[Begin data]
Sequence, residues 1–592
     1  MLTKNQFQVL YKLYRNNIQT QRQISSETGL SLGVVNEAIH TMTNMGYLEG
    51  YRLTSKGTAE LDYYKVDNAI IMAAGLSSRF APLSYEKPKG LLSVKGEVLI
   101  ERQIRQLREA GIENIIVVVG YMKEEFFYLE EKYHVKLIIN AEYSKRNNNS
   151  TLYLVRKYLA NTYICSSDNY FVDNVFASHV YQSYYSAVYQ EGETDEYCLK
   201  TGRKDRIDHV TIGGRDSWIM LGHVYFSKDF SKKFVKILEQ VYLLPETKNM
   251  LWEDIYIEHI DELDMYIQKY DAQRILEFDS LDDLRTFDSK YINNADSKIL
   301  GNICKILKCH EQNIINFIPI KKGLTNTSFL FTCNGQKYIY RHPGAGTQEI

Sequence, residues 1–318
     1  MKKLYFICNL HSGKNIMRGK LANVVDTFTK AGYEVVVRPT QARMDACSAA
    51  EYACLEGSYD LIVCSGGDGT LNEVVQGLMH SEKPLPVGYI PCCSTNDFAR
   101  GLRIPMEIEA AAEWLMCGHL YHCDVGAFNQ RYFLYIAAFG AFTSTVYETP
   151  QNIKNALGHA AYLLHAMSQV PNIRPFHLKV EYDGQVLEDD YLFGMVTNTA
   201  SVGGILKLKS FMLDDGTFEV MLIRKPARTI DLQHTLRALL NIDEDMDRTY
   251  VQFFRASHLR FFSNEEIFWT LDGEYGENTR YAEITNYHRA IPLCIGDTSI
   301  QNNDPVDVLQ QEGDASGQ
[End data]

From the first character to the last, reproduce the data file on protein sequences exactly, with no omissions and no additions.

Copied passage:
Sequence, residues 1–592
     1  MLTKNQFQVL YKLYRNNIQT QRQISSETGL SLGVVNEAIH TMTNMGYLEG
    51  YRLTSKGTAE LDYYKVDNAI IMAAGLSSRF APLSYEKPKG LLSVKGEVLI
   101  ERQIRQLREA GIENIIVVVG YMKEEFFYLE EKYHVKLIIN AEYSKRNNNS
   151  TLYLVRKYLA NTYICSSDNY FVDNVFASHV YQSYYSAVYQ EGETDEYCLK
   201  TGRKDRIDHV TIGGRDSWIM LGHVYFSKDF SKKFVKILEQ VYLLPETKNM
   251  LWEDIYIEHI DELDMYIQKY DAQRILEFDS LDDLRTFDSK YINNADSKIL
   301  GNICKILKCH EQNIINFIPI KKGLTNTSFL FTCNGQKYIY RHPGAGTQEI

Sequence, residues 1–318
     1  MKKLYFICNL HSGKNIMRGK LANVVDTFTK AGYEVVVRPT QARMDACSAA
    51  EYACLEGSYD LIVCSGGDGT LNEVVQGLMH SEKPLPVGYI PCCSTNDFAR
   101  GLRIPMEIEA AAEWLMCGHL YHCDVGAFNQ RYFLYIAAFG AFTSTVYETP
   151  QNIKNALGHA AYLLHAMSQV PNIRPFHLKV EYDGQVLEDD YLFGMVTNTA
   201  SVGGILKLKS FMLDDGTFEV MLIRKPARTI DLQHTLRALL NIDEDMDRTY
   251  VQFFRASHLR FFSNEEIFWT LDGEYGENTR YAEITNYHRA IPLCIGDTSI
   301  QNNDPVDVLQ QEGDASGQ